The Euro – R.I.P.

Dear Ms Merkel,
The Euro is dead because you were too greedy. You were happy to take the benefits of a currency which undervalued German goods and therefore made you the most competitive country in the eurozone and very competitive on the world stage. You were able to do this and provide social benefits to your workers which are the envy of the world. Unfortunately you and your people are not willing to redistribute those benefits around the rest of the eurozone to compensate them for joining the Euro. They gave up the advantage of a floating currency and the ability to print their own money and set their own interest rates. Now you cannot afford to bail them out because you spent all the money on benefits for yourselves.

Please give it a decent burial and leave the rest of us alone. This will not be the end of a European trading block or the European Union it is simply a recognition that it was a badly designed currency block which did not enforce fiscal unanimity at the outset and enforce fiscal transfers to balance out the inevitable divergence in competitiveness. I realise that fiscal transfers are probably politically unacceptable because the economic narrative of the past thirty years has been low taxes, low regulation and unemployment as a price worth paying. You and the Western Governments (the U.S.A. and the U.K. foremost in this endeavour) have rigged the system in favour of the rich and powerful elite which you are a member of backed by a press which sets the narrative. In fact as George Monbiot points out “The corporate newspapers are the elite’s enforcers, misrepresenting the sources of oppression.”. The ordinary working people, the young the old, the voters, are denied a voice because they are portrayed as extremists if they object to the excesses of unconstrained financial, corporate and political power. The people who stand up against oppression in Libya are portrayed as heroes when they stand up against oppression and are afforded the support of our military might in the defence of their struggle for democracy whilst peaceful protesters highlighting the excesses of the City of London and Wall Street are forcibly evicted and vilified in the press.

We need governments to return to full employment as the main objective of policy, not the narrow goals of profit for its own sake. This requires cooperation between governments, a return to the principles of the Bretton Woods System but this time with the added security of the ‘Bancor‘ as proposed by Keynes. Some will argue that Keynesian economics is discredited and leads to unconstrained borrowing. That is the argument put forward by David Cameron and the Conservative party of Great Britain the narrative being used being that in times of austerity, whilst we are in debt, the answer is not to borrow more (like borrowing on a credit card) but to cut back on spending and pay back our debts. This is a siren song based on a misguided interpretation of Keynes’ argument. The basis of Keynes argument was that in the recessionary phase of the economic cycle government should borrow to invest in a countries infrastructure thus keeping people in work and producing worthwhile assets for the country whilst in doing so also causing the multiplier effect causing growth in employment and industry when those employed in public works spend their earnings on goods produced by the private sector. The difficulties experienced by the western nations ascribed to Keynesianism were due to governments misusing the theory, the corollary of Keynes argument that governments should borrow and spend in times of recession was that governments should cut back spending and pay back debt when the economic cycle returned to growth. Something that government chose to avoid due to narrow political advantage (using the gains to reduce taxation rather that pay back debt) and proponents of the Austrian School choose to conveniently forget.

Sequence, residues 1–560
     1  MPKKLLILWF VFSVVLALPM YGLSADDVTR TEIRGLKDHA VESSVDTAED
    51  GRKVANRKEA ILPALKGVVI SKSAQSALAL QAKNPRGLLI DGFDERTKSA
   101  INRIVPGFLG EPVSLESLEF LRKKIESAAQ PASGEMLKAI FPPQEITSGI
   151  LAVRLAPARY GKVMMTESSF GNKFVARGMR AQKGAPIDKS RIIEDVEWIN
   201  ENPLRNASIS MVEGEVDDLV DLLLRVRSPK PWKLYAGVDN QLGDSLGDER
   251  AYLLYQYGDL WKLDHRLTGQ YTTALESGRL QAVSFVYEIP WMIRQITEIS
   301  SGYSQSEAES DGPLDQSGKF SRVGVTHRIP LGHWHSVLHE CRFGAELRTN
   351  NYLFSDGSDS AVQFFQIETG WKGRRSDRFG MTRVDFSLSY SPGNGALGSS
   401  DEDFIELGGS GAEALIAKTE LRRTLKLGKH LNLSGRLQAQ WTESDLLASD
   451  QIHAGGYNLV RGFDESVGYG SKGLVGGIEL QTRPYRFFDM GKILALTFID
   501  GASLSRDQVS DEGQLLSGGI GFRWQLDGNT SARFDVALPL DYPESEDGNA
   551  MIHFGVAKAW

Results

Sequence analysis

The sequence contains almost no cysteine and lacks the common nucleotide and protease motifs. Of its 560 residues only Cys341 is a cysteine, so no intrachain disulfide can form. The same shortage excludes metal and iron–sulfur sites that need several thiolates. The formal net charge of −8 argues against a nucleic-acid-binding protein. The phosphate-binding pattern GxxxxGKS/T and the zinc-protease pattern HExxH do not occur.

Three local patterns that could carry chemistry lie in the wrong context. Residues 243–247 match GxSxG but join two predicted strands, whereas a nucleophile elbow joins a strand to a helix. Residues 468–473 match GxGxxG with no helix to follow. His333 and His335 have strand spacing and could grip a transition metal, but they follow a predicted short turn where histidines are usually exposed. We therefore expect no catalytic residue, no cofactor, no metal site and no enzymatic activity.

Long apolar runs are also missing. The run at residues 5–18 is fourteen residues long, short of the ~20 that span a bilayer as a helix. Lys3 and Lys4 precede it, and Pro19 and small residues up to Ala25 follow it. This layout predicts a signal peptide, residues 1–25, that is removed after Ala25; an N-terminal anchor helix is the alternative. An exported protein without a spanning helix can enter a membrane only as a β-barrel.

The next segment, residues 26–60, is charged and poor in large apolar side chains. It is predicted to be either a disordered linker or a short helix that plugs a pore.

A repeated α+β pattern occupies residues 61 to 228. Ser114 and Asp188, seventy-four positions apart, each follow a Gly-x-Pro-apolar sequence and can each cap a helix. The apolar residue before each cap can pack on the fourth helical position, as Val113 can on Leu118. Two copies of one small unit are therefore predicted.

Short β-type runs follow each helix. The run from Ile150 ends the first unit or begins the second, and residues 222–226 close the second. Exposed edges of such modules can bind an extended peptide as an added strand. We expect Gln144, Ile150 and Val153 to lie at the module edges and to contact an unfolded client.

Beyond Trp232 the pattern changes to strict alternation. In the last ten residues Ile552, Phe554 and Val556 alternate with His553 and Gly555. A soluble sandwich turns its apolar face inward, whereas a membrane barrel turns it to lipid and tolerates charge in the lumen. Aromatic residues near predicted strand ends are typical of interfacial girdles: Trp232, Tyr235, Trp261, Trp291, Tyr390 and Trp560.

This is a time of world financial crisis caused by politicians and the proponents of laissez-faire economics in pursuit of their own narrow interests. It is to be hoped that we can overcome this by working together, I am not confident that our current political leadership in the West is up to the job however and it may take the unpleasant results of mass protest to spur them to action. My plea then is to Ms Merkel, Mr Cameron, Mr Obama and the rest of the West to get together with China, Russia and the rest of the world to sort this out before it gets any worse.

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About Of Men and Markets

A student of politics and economics View all posts by Of Men and Markets

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